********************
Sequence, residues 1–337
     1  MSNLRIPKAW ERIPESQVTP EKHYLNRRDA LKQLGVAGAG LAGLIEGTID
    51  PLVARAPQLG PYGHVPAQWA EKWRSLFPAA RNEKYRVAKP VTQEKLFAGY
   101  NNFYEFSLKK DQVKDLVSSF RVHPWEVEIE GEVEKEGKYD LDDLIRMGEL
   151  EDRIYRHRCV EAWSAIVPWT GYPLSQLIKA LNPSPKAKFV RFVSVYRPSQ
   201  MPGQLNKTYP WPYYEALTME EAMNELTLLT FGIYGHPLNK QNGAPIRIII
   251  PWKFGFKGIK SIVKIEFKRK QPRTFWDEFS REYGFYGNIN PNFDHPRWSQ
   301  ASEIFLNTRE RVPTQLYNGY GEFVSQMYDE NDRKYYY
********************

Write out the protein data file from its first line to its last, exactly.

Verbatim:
Sequence, residues 1–337
     1  MSNLRIPKAW ERIPESQVTP EKHYLNRRDA LKQLGVAGAG LAGLIEGTID
    51  PLVARAPQLG PYGHVPAQWA EKWRSLFPAA RNEKYRVAKP VTQEKLFAGY
   101  NNFYEFSLKK DQVKDLVSSF RVHPWEVEIE GEVEKEGKYD LDDLIRMGEL
   151  EDRIYRHRCV EAWSAIVPWT GYPLSQLIKA LNPSPKAKFV RFVSVYRPSQ
   201  MPGQLNKTYP WPYYEALTME EAMNELTLLT FGIYGHPLNK QNGAPIRIII
   251  PWKFGFKGIK SIVKIEFKRK QPRTFWDEFS REYGFYGNIN PNFDHPRWSQ
   301  ASEIFLNTRE RVPTQLYNGY GEFVSQMYDE NDRKYYY